The New York Times Case against OpenAI is Different. Here's Why.

McDonnell Boehnen Hulbert & Berghoff LLP

McDonnell Boehnen Hulbert & Berghoff LLP

On December 27, 2023, The New York Times Company ("The Times") sued several OpenAI entities and their stakeholder Microsoft ("OpenAI") in the Southern District of New York for copyright infringement, vicarious copyright infringement, contributory copyright infringement, violation of the Digital Millennium Copyright Act (DMCA), unfair competition, and trademark dilution (complaint). Unlike other high profile copyright actions brought against OpenAI (e.g., by the Author's Guild, Julian Sancton et al., Michael Chabon et al., Sarah Silverman et al., Paul Tremblay and Mona Awad, et al.), The Times' allegations exhibit a remarkable degree of specify. This will make it difficult for OpenAI to establish that (i) its generative AI models were not trained on copyrighted content of The Times, and (ii) that OpenAI was engaging in fair use if and when it did so.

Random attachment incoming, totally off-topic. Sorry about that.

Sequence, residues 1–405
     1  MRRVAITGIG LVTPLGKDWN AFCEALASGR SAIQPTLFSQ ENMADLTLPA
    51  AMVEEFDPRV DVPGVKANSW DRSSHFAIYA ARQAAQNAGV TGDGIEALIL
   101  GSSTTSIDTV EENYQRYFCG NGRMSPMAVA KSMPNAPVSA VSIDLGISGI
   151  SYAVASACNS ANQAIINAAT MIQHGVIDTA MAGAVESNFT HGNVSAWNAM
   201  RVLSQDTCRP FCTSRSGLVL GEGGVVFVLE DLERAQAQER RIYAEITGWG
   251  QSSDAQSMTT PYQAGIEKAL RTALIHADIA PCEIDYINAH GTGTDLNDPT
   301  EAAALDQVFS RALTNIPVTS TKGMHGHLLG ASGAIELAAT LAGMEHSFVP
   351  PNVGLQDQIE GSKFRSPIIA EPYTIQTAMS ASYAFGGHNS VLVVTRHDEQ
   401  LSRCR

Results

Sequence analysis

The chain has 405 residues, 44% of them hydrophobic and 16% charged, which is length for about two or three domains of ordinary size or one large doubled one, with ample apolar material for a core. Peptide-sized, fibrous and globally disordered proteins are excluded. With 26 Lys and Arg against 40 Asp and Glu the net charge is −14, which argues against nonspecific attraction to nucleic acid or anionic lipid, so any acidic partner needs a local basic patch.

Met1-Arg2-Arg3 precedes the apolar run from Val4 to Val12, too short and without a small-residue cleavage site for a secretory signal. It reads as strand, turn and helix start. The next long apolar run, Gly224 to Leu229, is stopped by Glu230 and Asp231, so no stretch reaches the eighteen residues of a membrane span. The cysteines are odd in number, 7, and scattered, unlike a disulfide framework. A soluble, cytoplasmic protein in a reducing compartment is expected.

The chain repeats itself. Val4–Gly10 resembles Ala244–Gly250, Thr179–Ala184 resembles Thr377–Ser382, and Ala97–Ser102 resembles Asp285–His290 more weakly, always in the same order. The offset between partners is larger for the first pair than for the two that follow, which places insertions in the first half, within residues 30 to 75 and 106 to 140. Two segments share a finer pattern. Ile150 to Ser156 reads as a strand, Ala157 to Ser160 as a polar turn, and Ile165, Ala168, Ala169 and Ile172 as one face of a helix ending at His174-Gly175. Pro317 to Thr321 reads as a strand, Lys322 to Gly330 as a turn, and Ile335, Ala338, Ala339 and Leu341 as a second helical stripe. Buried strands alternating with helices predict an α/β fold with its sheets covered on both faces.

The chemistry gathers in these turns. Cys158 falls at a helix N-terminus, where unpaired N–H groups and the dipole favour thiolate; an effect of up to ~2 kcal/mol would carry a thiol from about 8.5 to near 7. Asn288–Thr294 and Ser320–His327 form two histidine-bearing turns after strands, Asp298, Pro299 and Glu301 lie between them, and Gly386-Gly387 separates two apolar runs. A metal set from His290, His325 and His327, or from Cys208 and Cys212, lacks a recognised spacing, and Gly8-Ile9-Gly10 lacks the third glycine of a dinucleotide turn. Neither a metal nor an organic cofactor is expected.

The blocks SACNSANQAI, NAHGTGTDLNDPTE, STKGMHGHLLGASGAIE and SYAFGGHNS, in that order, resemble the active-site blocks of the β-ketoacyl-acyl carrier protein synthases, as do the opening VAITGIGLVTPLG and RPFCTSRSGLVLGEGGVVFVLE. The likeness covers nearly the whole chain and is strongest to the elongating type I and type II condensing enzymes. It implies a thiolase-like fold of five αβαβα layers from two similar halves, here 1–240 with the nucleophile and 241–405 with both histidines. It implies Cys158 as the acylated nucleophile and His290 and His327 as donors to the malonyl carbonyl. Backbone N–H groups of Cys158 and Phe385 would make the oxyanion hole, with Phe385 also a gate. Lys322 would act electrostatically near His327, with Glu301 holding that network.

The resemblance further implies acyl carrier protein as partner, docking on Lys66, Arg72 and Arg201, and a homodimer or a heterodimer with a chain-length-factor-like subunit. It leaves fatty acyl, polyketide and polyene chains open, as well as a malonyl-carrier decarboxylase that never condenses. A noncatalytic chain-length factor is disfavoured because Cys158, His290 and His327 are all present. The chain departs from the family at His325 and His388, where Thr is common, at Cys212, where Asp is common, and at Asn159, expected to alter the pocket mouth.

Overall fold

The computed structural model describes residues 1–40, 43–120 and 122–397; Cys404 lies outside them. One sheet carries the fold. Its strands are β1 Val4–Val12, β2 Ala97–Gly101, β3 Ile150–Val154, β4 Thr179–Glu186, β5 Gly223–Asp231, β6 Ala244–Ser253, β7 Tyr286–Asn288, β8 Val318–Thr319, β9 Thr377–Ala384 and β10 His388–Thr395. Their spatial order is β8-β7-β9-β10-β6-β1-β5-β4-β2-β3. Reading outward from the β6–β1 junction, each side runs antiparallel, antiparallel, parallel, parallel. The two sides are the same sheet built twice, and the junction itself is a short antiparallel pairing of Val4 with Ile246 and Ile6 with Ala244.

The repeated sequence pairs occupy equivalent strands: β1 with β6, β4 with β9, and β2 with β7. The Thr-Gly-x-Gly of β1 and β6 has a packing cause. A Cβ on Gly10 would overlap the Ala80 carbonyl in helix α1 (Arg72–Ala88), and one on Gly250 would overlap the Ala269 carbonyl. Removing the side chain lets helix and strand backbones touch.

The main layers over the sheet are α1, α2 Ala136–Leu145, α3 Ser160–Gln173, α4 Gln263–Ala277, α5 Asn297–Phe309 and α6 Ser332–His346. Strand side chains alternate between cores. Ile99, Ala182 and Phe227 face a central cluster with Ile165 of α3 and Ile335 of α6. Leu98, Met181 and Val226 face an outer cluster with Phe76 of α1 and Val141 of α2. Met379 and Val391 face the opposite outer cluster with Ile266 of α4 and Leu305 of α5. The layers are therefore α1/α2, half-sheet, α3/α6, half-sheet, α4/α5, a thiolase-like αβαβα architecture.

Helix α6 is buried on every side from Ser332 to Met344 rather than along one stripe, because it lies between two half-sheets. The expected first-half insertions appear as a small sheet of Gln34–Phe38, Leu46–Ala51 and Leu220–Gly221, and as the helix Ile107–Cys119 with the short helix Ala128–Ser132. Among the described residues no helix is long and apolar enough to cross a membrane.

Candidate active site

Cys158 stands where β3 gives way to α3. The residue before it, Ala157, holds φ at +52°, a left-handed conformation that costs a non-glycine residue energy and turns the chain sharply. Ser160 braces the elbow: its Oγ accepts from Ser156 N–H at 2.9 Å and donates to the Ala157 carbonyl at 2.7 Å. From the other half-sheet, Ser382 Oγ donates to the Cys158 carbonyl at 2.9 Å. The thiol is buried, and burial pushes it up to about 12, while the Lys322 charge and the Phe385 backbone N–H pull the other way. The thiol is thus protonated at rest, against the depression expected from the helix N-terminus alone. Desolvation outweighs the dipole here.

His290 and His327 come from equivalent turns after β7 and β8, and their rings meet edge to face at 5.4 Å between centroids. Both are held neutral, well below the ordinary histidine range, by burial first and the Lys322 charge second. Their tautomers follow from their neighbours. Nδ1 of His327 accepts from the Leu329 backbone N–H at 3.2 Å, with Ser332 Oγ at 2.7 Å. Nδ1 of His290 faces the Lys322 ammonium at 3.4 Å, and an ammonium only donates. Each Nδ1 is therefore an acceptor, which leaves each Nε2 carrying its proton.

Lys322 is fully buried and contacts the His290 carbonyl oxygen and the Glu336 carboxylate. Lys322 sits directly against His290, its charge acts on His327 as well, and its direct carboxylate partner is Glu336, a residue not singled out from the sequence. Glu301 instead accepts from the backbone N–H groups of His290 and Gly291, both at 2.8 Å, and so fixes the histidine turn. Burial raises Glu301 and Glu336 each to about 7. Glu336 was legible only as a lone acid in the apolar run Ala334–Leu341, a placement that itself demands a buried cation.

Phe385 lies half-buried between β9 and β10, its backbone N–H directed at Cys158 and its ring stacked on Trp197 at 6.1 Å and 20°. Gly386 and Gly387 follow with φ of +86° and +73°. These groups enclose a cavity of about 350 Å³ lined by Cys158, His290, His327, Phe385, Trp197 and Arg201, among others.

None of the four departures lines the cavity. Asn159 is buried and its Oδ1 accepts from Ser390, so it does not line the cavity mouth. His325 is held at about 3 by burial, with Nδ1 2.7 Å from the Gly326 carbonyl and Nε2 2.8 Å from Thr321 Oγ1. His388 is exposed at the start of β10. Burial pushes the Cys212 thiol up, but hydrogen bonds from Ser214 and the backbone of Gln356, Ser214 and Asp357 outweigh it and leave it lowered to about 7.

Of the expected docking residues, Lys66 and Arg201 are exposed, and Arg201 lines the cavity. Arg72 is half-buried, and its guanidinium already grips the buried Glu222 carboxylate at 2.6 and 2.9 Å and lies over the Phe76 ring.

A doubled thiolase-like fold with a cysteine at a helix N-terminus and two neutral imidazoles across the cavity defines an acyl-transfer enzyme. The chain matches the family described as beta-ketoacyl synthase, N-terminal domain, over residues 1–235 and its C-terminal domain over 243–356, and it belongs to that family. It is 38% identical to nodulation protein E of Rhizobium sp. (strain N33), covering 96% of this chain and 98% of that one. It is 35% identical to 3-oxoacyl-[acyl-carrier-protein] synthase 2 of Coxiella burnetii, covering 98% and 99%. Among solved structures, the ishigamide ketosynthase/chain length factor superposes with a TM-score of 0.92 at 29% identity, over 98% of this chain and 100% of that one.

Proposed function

The complaint centers around OpenAI's large language model (LLM) chatbot, ChatGPT. As described by The Times:

An LLM works by predicting words that are likely to follow a given string of text based on the potentially billions of examples used to train it . . . . LLMs encode the information from the training corpus that they use to make these predictions as numbers called "parameters." There are approximately 1.76 trillion parameters in the GPT-4 LLM. The process of setting the values for an LLM's parameters is called "training." It involves storing encoded copies of the training works in computer memory, repeatedly passing them through the model with words masked out, and adjusting the parameters to minimize the difference between the masked-out words and the words that the model predicts to fill them in. After being trained on a general corpus, models may be further subject to "finetuning" by, for example, performing additional rounds of training using specific types of works to better mimic their content or style, or providing them with human feedback to reinforce desired or suppress undesired behaviors.